Argentina’s long-term sovereign foreign currency credit rating was cut one level by Standard & Poor’s, which cited a US Appeals Court ruling that prevents the country from honouring its debt without also paying holders of defaulted bonds in full.
S&P lowered the country’s rating to CCC+, seven levels below investment grade and in line with that of Egypt and Cyprus, from B-, according to an e-mailed statement today. S&P gave the rating a negative outlook.
The outlook on the credit remains negative, the ratings agency said in a statement. S&P also lowered its unsolicited short-term ratings on Argentina to C from B.
We are lowering our ratings on Argentina because of increased risks to debt service stemming from a lawsuit over the debt the government of Argentina still maintains in default, S&P said.
“The lawsuit could result in the interruption of payments on bonds currently under New York jurisdiction, or it could prompt Argentina to undertake a debt exchange that we could view as distressed,” S&P said in the statement. “There is at least a one-in-three chance of either occurring within the coming 12 months.”
The court said Aug. 23 that Argentina can’t make payments on its restructured debt while refusing to pay holders of 1.33 billion dollars in defaulted notes including hedge fund Elliott Management Corp. The ruling will also prevent third parties, including trustee Bank of New York Mellon Corp., from passing along payments to bondholders.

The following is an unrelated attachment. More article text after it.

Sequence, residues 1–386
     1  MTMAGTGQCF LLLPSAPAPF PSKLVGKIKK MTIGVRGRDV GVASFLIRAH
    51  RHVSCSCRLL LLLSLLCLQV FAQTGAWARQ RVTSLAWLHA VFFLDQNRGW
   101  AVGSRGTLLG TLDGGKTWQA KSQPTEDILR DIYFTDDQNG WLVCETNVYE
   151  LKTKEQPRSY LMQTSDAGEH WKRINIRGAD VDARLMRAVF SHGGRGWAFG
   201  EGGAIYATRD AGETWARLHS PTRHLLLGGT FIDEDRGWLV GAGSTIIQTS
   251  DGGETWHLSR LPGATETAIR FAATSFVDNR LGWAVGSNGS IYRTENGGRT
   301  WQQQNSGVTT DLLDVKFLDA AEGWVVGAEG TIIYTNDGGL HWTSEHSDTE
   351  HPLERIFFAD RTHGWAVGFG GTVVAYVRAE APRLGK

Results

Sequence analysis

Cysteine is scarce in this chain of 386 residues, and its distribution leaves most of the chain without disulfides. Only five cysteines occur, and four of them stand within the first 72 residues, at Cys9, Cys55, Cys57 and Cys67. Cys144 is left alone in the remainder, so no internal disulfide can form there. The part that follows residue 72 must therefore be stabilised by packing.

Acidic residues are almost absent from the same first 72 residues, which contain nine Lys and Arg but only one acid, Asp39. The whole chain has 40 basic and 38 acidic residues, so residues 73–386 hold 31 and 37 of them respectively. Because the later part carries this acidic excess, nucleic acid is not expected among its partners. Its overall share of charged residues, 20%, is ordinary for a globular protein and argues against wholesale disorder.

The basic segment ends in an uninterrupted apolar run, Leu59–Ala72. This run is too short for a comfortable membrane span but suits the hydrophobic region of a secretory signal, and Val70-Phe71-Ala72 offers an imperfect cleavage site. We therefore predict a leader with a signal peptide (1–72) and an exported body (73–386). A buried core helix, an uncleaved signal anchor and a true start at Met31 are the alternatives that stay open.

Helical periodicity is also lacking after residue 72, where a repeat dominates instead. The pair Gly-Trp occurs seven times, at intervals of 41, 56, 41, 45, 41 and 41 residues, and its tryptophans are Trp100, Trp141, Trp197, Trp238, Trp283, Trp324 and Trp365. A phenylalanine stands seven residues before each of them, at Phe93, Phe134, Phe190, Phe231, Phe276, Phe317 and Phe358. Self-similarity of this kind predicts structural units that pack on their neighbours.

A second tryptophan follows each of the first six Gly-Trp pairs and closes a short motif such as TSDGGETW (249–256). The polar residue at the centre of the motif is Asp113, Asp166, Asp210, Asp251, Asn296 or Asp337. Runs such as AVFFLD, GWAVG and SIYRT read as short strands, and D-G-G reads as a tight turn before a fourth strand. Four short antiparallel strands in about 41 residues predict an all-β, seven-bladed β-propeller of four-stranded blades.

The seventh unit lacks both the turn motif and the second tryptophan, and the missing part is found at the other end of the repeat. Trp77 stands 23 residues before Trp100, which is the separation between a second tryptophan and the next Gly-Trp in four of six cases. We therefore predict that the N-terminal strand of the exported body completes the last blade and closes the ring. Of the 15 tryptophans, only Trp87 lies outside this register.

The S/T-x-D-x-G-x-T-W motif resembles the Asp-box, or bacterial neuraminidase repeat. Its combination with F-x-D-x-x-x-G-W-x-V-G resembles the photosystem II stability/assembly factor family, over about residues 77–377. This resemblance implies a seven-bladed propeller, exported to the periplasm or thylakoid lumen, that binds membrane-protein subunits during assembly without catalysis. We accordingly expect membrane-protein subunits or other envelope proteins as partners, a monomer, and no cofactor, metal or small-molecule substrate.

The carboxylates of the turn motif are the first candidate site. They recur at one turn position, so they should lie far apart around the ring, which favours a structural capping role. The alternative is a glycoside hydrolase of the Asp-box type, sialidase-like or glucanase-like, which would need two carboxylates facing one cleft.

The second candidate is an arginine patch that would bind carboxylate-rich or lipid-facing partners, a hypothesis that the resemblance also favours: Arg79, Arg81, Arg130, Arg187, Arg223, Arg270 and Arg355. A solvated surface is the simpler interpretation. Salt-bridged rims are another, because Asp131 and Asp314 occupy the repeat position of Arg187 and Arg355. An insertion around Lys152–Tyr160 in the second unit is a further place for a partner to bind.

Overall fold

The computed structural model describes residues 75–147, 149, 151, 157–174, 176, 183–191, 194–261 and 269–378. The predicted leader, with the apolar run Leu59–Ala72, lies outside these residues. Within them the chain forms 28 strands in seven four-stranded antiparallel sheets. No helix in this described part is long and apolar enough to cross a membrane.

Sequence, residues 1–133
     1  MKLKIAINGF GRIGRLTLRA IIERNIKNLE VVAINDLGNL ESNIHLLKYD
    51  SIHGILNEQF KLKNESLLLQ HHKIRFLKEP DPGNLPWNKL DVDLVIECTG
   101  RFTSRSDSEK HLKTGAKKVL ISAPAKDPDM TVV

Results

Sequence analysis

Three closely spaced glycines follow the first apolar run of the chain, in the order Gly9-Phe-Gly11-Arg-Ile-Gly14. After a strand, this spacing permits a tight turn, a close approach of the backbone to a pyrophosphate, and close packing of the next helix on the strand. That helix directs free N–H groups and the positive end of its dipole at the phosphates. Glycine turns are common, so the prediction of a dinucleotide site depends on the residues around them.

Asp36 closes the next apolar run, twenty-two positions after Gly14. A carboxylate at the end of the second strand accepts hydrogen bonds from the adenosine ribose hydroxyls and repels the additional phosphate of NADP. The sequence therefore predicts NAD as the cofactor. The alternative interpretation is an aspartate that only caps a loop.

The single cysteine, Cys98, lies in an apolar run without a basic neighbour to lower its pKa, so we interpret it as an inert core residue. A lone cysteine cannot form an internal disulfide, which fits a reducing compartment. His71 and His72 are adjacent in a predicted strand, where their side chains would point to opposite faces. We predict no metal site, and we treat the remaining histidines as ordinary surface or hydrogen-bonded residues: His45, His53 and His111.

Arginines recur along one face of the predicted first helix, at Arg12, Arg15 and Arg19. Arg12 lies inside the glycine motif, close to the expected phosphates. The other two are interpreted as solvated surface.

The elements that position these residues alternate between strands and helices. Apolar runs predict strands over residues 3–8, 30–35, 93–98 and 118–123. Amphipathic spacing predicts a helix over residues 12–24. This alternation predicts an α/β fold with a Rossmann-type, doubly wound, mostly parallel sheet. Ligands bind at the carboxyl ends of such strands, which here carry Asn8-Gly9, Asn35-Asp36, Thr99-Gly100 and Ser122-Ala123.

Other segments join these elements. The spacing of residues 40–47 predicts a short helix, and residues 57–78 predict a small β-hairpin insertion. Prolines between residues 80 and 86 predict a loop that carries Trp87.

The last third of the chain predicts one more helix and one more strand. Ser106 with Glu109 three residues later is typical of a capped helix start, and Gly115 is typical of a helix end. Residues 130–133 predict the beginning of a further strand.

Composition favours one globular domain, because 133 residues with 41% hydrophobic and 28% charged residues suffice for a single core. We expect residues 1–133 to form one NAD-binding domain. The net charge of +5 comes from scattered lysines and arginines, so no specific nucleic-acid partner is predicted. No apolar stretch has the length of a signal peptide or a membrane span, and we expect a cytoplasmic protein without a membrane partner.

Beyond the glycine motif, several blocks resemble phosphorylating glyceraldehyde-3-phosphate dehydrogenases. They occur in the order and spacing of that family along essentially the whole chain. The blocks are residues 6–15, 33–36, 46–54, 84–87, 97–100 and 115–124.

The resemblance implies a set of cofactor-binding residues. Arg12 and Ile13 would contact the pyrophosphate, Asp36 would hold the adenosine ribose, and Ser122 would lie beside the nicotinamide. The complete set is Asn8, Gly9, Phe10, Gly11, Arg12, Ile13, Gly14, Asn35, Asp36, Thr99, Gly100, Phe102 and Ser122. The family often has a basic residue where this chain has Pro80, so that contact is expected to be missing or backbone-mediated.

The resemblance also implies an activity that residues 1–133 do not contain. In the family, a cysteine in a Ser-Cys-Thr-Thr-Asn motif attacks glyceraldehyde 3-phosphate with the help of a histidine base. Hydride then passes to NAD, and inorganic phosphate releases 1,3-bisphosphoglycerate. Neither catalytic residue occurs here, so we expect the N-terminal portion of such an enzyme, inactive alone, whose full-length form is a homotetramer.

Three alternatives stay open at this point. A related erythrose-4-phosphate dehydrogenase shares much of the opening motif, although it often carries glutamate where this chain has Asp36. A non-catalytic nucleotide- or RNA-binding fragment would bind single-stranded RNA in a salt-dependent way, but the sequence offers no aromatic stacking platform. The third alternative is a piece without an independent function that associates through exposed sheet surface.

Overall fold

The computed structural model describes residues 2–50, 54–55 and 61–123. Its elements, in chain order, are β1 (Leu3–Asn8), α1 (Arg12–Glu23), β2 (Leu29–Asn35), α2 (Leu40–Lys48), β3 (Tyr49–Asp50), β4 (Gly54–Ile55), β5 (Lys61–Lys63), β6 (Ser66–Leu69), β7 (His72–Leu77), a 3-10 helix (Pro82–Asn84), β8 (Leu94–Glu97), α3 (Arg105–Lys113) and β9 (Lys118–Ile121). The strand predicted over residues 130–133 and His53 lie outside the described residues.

President Cristina Fernandez said August 26 that Argentina will offer a third restructuring to defaulted bondholders and let investors who own the restructured notes swap them into debt subject to local law. The bill opening the swap was passed by Congress with support from the opposition.
Economy Minister Hernan Lorenzino said on August 28 any plan to swap the restructured securities would be explored once the US Supreme Court decides whether to hear Argentina’s appeal against the holdouts. Since then, restructured dollar bonds due 2033 have rallied 2.46 cents on the dollar to 61.4 cents.
On September 6, Argentina urged the appeals court to reconsider its ruling which upheld the order for it to pay 1.33 billion to investors who chose to hold out from two debt exchanges in 2005 and 2010.
About 93% of Argentina's bonds were restructured with holders receiving between 25 cents to 29 cents on the dollar.